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Even before our current global health crisis, “travel shaming” was a thing. Back then, it mainly had to do with our country’s obsession with working and travelers’ contributions to the climate crisis (think: flight shaming) and overtourism.
In these current days of undertourism, however, a new type of travel shaming has emerged — and it is understandable to see why. Travel was the reason that COVID-19 spread from Europe and China to the U.S. and around the world. And research has shown that New York’s outbreak led to the spread of COVID-19 throughout the U.S.
But those early outbreaks preceded the adoption of risk-mitigating measures such as mask wearing, social distancing and heightened sanitization. Unlike early travelers who spread coronavirus across continents and states, we are now armed with best practices that are making many Americans feel OK about the occasional, cautious trip. (According to AAA, 97% of the 700 million summer trips taken this summer were domestic car trips, and most were long weekend getaways.)
In reality, there is far more risk in attending a neighbor’s 50-person barbeque than there is in heading to a remote cabin for a backcountry hiking trip. It has to be said: The personal responsibility of the individual — how seriously they follow safety and hygiene protocols — is the most important factor in stopping the spread of COVID-19.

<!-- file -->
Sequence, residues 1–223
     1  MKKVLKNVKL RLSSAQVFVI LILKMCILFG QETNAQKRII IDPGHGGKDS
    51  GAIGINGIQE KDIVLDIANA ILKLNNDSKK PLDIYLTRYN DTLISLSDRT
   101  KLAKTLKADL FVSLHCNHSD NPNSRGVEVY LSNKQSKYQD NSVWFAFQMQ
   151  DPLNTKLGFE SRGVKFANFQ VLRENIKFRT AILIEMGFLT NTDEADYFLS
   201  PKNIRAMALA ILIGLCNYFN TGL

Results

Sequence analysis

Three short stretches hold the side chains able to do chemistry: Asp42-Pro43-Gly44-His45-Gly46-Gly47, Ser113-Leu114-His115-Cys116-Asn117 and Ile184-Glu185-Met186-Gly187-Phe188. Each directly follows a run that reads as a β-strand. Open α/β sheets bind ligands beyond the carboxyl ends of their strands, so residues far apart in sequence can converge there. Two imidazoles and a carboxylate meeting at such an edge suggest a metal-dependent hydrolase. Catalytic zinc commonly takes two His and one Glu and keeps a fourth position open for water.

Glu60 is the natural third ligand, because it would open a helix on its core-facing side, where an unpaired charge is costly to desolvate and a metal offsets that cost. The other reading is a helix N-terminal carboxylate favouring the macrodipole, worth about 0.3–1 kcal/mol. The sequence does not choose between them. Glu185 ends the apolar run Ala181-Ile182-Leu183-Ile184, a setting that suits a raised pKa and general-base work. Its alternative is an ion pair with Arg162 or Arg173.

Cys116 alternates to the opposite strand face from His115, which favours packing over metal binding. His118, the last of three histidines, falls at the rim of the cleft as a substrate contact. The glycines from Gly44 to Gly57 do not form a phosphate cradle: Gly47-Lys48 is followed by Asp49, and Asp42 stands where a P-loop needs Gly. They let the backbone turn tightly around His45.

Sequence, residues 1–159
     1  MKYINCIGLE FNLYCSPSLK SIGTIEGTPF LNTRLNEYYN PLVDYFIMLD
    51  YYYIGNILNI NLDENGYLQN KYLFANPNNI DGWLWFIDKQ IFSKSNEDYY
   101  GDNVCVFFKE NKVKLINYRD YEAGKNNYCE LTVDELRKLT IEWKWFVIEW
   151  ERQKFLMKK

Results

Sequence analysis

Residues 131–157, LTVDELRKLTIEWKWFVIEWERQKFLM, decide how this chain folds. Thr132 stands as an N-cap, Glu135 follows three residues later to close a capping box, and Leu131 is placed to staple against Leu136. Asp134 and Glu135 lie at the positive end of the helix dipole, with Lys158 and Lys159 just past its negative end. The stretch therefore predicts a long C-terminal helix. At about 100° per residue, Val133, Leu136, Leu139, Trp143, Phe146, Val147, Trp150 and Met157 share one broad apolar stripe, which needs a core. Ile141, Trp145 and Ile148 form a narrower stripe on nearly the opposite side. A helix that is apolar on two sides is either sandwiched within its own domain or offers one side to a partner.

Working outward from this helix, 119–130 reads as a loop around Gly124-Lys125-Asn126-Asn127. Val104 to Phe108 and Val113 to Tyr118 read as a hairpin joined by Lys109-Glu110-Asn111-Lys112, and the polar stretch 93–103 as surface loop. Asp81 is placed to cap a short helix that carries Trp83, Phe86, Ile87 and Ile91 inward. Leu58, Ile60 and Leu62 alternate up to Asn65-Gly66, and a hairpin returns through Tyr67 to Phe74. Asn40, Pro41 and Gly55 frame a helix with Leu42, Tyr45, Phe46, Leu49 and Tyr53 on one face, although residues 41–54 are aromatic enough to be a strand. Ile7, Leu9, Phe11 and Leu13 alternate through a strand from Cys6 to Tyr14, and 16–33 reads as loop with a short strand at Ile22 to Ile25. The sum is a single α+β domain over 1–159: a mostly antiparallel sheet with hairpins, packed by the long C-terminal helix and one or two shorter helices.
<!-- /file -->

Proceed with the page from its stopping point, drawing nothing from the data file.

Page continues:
And, what about the people and places who depend on tourism? As folks shame Americans for possibly spreading the virus to the places they visit, countries looking to regain lost GDP, such as Barbados and Bermuda, are actively recruiting tourists through programs that give remote workers visas for temporary relocation.
Meanwhile, advisors are hanging on by a thread to survive this pandemic. An American Society of Travel Advisors survey of 1,200 advisors found that only 14% of agents anticipate being in business longer than a year from now if conditions hold. And despite such circumstances, they take the moral high ground — they consult about risks, but let clients make their own decisions.
Indeed, it is possible for advisors to sustain their businesses in ways that are not insensitive. In this issue’s cover story, “A Travel Advisor Guide to Ethical Travel Marketing Right Now,” author JoAnna Haugen highlights responsible marketing practices to incorporate during and after the pandemic. Building back better is a way for advisors to feel good about their place in the industry, and certainly a way to combat anyone trying to shame advisors for doing their job.
According to best-selling author and shame researcher Brene Brown, “you cannot shame or belittle people into changing their behaviors” — but that doesn’t mean folks won’t try.